Herald JournalHerald and Journal, June 24, 2002

Search is on for replacement HLWW school board member

By Lynda Jensen

Health concerns caused Gene Lorentz to tender his resignation immediately, which was announced at the Howard Lake-Waverly-Winsted school board last Monday.

The board began the process of appointing a replacement for Lorentz by ordering an advertisement in the newspaper for two weeks to solicit a new member.

Board Chair Jim Raymond suggested filling the vacancy as quickly as possible, trying to find a candidate by next month's meeting.

However, Board Member John Lideen asked what the hurry was, and indicated that he thought it should be something worth taking time to do, with input from the full board.

Supt. Riley Hoheisel agreed, saying that finding a new board member would normally take two months.

Board member Jim Fowler suggested using the committee process to go through resumes.

It was decided to solicit applications for two weeks in the newspaper.

If more than four applications are received, a committee of two members will narrow down the choice; since a committee of three would constitute a quorum, now that the board is down to six members.

From there, the committee will make recommendations to the board. The full board will then interview the candidates.

Budget dips $131,000 into reserve funds

The board adopted a final budget of $7.4 million for the coming year, which reflected $131,000 less in expected revenue, causing the board to dip into its reserves.

The shortfall stems primarily from less expected income drawn from interest-bearing accounts held by the district, to the tune of about $50,000 less than in the past, Hoheisel said.

Hoheisel also noted that the state plans to delay some payments in order to balance its own budget. This will adversely affect the district's cash flow, since most of the money is usually received within the fiscal year.

Unpredictable enrollment was also a contributing factor to less expected revenue, Hoheisel said.

Should ceremony be exclusive?

During the meeting, strong discussion took place about the graduation ceremony itself in relation to special education students.

Currently, HLWW is the only district in the area that requires each student participating in the ceremony to complete all of the required courses in four years, said MAWSECO Special Education Director Lona Jose.

However, most other districts offer some kind of special ceremony for alternative students, Hoheisel said.

The stricter four-year policy prevents students with mental disabilities from being part of the ceremony, such as students with Down's Syndrome ­ or even those who undergo severe mental stress, such as one example of a student that lost both parents, Jose said.

These students complete all the requirements, and receive a diploma, but are not allowed to take part in the ceremony, she said.

"I think those kids deserve to walk across the stage," Jose said. She cited the importance of the ceremony to young people.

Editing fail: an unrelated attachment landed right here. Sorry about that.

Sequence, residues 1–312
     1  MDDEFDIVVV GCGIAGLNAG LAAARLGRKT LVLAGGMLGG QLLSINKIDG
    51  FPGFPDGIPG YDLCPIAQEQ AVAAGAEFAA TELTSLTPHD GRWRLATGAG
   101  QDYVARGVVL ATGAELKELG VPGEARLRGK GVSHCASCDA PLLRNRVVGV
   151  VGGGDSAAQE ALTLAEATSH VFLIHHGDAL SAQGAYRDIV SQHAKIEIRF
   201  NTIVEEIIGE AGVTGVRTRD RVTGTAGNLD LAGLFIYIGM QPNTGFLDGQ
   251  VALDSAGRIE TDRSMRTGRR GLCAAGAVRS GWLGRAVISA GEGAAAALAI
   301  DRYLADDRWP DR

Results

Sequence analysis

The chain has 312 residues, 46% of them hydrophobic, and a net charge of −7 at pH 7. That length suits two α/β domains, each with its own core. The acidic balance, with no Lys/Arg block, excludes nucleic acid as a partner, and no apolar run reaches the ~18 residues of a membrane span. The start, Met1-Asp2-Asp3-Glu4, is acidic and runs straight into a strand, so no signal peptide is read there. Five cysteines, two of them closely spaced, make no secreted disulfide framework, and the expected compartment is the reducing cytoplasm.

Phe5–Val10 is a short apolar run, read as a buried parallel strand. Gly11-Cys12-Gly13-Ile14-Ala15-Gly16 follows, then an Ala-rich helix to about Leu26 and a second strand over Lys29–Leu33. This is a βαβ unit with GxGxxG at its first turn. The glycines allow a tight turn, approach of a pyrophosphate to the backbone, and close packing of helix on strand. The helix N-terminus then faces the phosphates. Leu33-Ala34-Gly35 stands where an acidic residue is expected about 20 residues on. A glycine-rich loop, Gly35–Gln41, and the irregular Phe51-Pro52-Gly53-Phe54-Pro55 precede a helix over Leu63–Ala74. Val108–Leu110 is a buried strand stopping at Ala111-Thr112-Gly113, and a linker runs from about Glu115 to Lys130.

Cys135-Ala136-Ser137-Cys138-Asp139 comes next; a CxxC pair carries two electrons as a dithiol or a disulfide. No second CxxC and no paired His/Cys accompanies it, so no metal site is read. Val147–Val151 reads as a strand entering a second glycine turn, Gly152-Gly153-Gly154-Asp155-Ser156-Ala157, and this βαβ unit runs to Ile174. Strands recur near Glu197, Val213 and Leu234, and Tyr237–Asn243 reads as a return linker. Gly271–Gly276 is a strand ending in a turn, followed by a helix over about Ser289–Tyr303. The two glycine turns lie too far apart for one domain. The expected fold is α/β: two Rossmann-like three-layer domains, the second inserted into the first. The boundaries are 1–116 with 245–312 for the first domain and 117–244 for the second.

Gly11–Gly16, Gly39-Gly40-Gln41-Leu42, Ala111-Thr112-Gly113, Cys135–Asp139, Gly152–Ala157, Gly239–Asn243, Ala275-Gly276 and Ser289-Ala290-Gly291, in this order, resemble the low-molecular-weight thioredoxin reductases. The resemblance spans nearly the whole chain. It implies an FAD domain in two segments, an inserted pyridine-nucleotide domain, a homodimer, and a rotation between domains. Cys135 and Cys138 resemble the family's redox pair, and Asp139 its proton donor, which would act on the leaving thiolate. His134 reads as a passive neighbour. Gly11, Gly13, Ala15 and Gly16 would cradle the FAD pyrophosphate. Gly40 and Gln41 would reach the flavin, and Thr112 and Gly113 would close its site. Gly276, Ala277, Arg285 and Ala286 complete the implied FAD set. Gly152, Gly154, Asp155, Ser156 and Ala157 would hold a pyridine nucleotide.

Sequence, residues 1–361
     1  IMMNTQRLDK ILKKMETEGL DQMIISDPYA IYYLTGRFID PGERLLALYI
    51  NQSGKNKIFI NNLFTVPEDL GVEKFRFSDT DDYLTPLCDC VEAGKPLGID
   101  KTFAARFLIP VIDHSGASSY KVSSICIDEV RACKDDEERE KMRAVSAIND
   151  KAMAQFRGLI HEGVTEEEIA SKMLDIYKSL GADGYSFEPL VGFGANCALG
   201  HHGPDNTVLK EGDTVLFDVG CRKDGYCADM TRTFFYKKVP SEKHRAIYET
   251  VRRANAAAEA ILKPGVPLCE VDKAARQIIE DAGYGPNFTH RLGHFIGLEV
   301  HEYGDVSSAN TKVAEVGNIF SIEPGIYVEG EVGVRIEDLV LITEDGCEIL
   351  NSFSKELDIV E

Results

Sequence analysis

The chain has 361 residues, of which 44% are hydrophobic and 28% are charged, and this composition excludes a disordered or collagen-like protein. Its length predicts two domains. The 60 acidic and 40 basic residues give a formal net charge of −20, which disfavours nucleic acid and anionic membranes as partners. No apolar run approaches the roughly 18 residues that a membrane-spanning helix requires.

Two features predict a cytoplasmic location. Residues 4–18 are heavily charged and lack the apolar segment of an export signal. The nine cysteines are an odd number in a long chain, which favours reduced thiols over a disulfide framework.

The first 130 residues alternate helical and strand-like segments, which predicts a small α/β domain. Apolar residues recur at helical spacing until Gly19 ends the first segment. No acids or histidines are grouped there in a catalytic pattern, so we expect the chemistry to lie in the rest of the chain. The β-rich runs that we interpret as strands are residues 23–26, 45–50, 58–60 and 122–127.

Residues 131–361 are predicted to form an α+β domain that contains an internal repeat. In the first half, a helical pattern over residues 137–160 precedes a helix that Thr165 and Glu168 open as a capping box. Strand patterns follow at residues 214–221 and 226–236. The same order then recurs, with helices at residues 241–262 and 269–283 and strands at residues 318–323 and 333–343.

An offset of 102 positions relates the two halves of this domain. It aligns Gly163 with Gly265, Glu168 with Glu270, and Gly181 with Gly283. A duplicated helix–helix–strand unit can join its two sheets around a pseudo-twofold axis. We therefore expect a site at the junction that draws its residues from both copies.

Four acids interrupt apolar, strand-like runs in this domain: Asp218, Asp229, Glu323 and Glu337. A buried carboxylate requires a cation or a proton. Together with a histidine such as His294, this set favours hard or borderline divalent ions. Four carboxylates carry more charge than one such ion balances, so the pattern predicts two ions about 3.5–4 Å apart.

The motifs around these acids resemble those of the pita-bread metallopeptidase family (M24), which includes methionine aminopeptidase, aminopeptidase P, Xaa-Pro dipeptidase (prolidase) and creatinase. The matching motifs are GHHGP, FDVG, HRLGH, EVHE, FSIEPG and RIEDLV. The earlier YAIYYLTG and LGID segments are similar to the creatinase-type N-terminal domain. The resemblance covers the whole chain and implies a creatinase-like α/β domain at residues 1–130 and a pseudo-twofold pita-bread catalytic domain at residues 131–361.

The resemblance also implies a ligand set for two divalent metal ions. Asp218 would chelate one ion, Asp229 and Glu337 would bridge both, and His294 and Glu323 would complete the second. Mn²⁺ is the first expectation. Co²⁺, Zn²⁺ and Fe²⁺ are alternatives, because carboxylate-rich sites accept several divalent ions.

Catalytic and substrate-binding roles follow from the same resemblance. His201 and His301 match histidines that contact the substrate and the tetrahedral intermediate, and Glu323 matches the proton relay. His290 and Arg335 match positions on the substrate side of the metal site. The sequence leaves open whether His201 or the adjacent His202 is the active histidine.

However, Principal Mike Day objected to watering down the requirements in any way to allow students participating in the ceremony.

Keeping the four-year requirement in place encourages students to get done on time, and rewards those who stuck to it, he said. "It's an incentive," he said.

In addition, it is important to keep students with their own class, Day said.

The conversation drew a mixed reaction from the board.

"It means so much to them," Board Member Charles Weber noted about the ceremony.

"It's not a four-year class any more," Raymond said, pointing out that some students transfer in with the fluctuating enrollment and then graduate after knowing the other students only a short time.

Fowler disagreed. "There are consequences for action," he said.

Lideen agreed with Fowler, saying that there are other alternatives that could be sought.

It was decided that Day should come back to the board with options.

Inching forward with architects

The board once again moved forward with a long-term facilities plan to solve the space crunch at the school by interviewing two architects, and continuing the search for a construction management company.

Two Minneapolis companies visited with the board, KKE, Inc., and Smiley, Glotter, and Nyberg.

Both companies appeared well versed with multiple communities situations, helping with bond issues, and handling the Department of Children, Families and Learning.

However, when asked by a board member about how to unite the community over building a school, a KKE representative made it very clear that this is the school board's role. Board members are more intimate with the communities they serve and better equipped to do this, he said.

Both firms cited impressive case samples of schools built in the past.

One design built by KKE featured an energy efficiency model that cut energy bills by 50 percent.

Members also discussed using a construction management company, which would act like a general contractor.

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